Rachel Dearlove discovers an invaluable evidence-based book on the role of religion in modern conflict, essential reading for students and for policy makers
The Price of Freedom Denied: Religious Persecution and Conflict in the Twenty-First Century. Brian J. Grim and Roger Finke. Cambridge University Press. March 2011.
The Price of Freedom Denied is the latest publication in the Cambridge Studies in Social Theory, Religion and Politics series, which seeks to apply social theory to religious and political phenomena, harking back to the focus of the fathers of sociology – Durkheim, Weber and Comte – who saw religion as the key to unlocking some of the most fundamental components of societal life. This work focuses on the enduring phenomena of religious persecution and its relationship with the society and state in which it occurs, a topic of high relevance today.
The authors, Brian J. Grim, Director of Cross-National Data for the Pew Research Center’s Forum on Religion and Public Life, and Roger Finke, Professor of Sociology and Religious Studies, Pennsylvania State University and the Director of the Association of Religion Data Archives (ARDA), have a history of using hard data to gain insight into the religious life of nations and this work continues that pattern. The Price of Freedom Denied provides a data driven but accessible counter argument to Samuel P. Huntington’s ‘clash of civilisations’ theory that places cultural and religious identities as the prime motivator for conflict in the post-cold war period. Grim and Finke argue that it is not religious identity itself that is the force behind much religious conflict, but legal and social restriction of religious freedom. They argue that it is in the most pluralistic and religiously liberal societies that levels of persecution are at their lowest, not in the cultural monopolies of Huntington’s theory.
The data on which their argument rests are drawn from the US State Department’s International Religious Freedoms reports which cover nearly 200 countries. Grim and Finke focus on the 143 countries with populations of 2 million or more and use the existing ARDA codebook to allow for comparisons across countries. The overarching analysis identifies six groups of countries along the two axes of social restriction and government restriction, with increasing levels of violent religious persecution found moving up the graph, with the extreme position occupied by countries with the highest levels of social and government restriction.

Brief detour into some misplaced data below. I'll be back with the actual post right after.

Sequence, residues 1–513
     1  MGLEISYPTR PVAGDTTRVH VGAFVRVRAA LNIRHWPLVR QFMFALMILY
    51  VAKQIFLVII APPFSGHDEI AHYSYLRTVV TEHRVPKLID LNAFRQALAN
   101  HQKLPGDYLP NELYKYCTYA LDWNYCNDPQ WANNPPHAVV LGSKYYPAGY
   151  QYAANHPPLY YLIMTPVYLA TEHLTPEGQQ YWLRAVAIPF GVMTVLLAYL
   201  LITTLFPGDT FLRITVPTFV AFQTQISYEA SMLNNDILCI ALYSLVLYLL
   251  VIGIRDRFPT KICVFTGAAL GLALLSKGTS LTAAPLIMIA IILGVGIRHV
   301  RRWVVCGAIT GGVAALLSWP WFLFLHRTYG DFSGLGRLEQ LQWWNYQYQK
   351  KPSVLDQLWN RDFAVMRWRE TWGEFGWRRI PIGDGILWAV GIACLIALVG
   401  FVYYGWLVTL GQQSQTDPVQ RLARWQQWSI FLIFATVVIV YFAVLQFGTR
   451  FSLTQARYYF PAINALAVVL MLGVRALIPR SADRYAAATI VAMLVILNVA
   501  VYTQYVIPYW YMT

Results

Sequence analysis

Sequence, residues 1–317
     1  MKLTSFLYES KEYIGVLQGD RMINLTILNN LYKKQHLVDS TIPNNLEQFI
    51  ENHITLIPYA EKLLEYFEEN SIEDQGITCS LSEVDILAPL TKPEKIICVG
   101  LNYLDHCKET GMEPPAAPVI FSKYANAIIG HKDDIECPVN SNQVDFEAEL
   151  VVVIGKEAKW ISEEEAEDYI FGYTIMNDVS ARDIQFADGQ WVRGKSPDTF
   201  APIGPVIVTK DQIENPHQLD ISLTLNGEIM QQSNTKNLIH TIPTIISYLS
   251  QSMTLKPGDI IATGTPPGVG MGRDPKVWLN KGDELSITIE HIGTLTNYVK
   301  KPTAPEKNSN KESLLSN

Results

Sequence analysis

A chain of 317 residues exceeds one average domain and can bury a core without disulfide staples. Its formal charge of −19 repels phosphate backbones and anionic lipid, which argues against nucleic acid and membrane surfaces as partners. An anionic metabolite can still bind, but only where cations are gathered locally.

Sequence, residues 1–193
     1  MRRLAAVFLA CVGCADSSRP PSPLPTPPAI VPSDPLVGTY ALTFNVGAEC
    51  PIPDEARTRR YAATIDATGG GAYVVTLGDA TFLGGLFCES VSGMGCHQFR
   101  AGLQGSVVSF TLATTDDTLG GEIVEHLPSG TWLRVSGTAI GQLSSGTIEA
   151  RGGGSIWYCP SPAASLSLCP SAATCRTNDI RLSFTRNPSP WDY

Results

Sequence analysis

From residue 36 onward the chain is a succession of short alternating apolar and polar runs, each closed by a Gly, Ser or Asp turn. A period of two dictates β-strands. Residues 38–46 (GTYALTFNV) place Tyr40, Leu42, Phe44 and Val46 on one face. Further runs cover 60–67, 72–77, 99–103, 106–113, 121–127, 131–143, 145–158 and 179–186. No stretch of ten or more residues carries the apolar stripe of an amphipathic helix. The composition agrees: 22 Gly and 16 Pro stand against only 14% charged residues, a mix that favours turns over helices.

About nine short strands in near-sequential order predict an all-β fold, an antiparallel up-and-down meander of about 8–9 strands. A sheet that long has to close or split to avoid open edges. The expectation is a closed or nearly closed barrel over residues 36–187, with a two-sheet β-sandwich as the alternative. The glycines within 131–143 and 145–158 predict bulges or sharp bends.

The names given to the six groups don’t quite roll off the tongue, but are worth noting here: High levels of religious freedoms (Japan, Denmark, New Zealand); Freedoms with some tensions (Brazil, Philippines, United Kingdom); Power is partitioned between religion and state (Ethiopia, Germany, Nigeria, Mexico); Monopolistic Social Pressures (India, Indonesia, Russia, Turkey); Religion as a political threat (China, Vietnam); and Socio-political monopolies (Bangladesh, Egypt, Pakistan, Iran). This classification makes for some challenging reading as one looks for ‘advanced’ western civilisations and finds them in slightly uncomfortable company. The analysis is expanded through a series of six cases studies, one for each category of country identified – Japan, Brazil, Nigeria, China, India and Iran – placing the data gathered in its wider historical narrative.
Throughout this work Grim and Finke deal with the most politically and culturally sensitive areas of study with delicacy but also with a directness that is refreshing, most notably in their in-depth exploration of the high rates of religious persecution present in many Muslim-majority societies. By identifying the elephant in the corner that is so often unacknowledged in discussions of conflict – the very nature of Islam itself – the authors provide insight into one of the most politically delicate areas of social scientific study.
Bringing together a decade’s worth of research The Price of Freedom Denied is a challenge to those who seek to down play the role of religion in modern conflict and violence but also an invaluable evidence base for policy makers in all countries seeking ways to reduce persecution.
Rachel Dearlove is a university manager at the University of Reading, with a special interest in international education.